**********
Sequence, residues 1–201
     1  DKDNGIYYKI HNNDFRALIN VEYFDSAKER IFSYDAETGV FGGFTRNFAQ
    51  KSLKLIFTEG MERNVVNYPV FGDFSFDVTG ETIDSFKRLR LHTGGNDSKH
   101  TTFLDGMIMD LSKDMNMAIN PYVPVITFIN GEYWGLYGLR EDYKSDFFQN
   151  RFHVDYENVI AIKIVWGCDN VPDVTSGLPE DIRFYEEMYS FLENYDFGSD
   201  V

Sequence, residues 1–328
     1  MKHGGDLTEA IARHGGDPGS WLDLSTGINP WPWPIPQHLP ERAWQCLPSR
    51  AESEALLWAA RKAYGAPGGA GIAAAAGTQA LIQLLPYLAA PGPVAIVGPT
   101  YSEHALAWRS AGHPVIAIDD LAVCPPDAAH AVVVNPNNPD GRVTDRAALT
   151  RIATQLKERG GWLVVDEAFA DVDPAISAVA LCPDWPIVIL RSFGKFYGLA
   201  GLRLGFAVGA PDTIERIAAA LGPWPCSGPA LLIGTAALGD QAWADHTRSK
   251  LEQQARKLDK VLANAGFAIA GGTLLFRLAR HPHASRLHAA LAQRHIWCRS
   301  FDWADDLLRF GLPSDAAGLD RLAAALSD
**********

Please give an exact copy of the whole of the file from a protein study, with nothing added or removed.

Sequence, residues 1–201
     1  DKDNGIYYKI HNNDFRALIN VEYFDSAKER IFSYDAETGV FGGFTRNFAQ
    51  KSLKLIFTEG MERNVVNYPV FGDFSFDVTG ETIDSFKRLR LHTGGNDSKH
   101  TTFLDGMIMD LSKDMNMAIN PYVPVITFIN GEYWGLYGLR EDYKSDFFQN
   151  RFHVDYENVI AIKIVWGCDN VPDVTSGLPE DIRFYEEMYS FLENYDFGSD
   201  V

Sequence, residues 1–328
     1  MKHGGDLTEA IARHGGDPGS WLDLSTGINP WPWPIPQHLP ERAWQCLPSR
    51  AESEALLWAA RKAYGAPGGA GIAAAAGTQA LIQLLPYLAA PGPVAIVGPT
   101  YSEHALAWRS AGHPVIAIDD LAVCPPDAAH AVVVNPNNPD GRVTDRAALT
   151  RIATQLKERG GWLVVDEAFA DVDPAISAVA LCPDWPIVIL RSFGKFYGLA
   201  GLRLGFAVGA PDTIERIAAA LGPWPCSGPA LLIGTAALGD QAWADHTRSK
   251  LEQQARKLDK VLANAGFAIA GGTLLFRLAR HPHASRLHAA LAQRHIWCRS
   301  FDWADDLLRF GLPSDAAGLD RLAAALSD